Access can also be granted to objective clinical data which is also protected by username and password. The condition for access to this data is an indication from the therapist that the patient has given his consent that the objective clinical data may be used for scientific purposes. This data is only available without an identification of the therapist or the patient to which it relates.
 Journal Functions
 The journal has the following functionality.
 Information regarding the patient is split into two parts and stored separately:
 a) Social information such as name, address, telephone number, next of kin, religion and personal information including weight, height, hereditary diseases, allergies etc.
 b) Clinical information: current and previous illnesses.
 Journal notes are sequence based and filed in the database making it possible to extract part data in any desired combination. Data can be effected to or from other departments, hospitals, general practitioners, specialists, therapists, etc.
 The journal structure is similar to a traditional paper journal in that a journal heading is provided together with sections for pre out-patient, continuation, discharge, commentary, and post out-patient. A survey of the entire development of an illness can be generated.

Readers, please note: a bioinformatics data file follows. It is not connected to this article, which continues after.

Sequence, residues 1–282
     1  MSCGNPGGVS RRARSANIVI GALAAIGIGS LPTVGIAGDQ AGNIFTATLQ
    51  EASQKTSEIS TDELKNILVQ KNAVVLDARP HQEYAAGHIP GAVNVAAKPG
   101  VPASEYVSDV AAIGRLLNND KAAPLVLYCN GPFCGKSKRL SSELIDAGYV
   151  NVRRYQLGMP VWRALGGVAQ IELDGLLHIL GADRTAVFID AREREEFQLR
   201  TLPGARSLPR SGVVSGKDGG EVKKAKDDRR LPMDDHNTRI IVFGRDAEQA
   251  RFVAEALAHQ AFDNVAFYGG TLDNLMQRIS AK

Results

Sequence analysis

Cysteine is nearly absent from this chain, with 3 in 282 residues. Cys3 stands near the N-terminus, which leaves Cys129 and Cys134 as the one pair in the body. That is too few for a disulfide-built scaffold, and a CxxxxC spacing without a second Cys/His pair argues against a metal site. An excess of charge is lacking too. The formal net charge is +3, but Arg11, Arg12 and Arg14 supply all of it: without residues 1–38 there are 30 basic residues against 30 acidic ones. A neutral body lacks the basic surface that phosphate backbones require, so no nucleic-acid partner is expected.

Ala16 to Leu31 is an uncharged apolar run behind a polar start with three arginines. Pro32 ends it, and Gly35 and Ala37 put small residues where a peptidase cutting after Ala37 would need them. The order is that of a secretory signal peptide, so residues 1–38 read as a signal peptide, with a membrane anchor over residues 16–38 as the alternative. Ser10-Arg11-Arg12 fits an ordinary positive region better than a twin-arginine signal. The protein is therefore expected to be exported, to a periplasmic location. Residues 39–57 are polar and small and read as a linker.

A calender contains arranged current and future activities.
 Video, stills, sound, amplitudes and text and any other multimedia may be filed.
 A private note function is provided.
 The printing, filing or mailing of standard letter electronically is available.
 Reports may be generated electronically to national and international patient indices.
 The journal organiser can be integrated into patient administrative systems, laboratory system, pharmacies, digital devices, home monitoring equipment, budget and economy systems and other IT systems.
 Within the system, the journal organiser may be integrated through administration and prescriptive programs, booking systems, request and reply systems and cost monitoring systems.
 The user interface will depend on the speciality required. A non exclusive list of possibility includes geriatrics, gynaecology and obstetrics, hepatology, haematology, infection medicine, cardiology, neurology, oncology, psychiatry and pediatrics.
 Medicine Administration Module
 The medicine administration module may be integrated into a requisition/reply module. The program runs the normal precautionary checks made during daily clinic work, for example dosage frequency, interactions between medicines and warnings.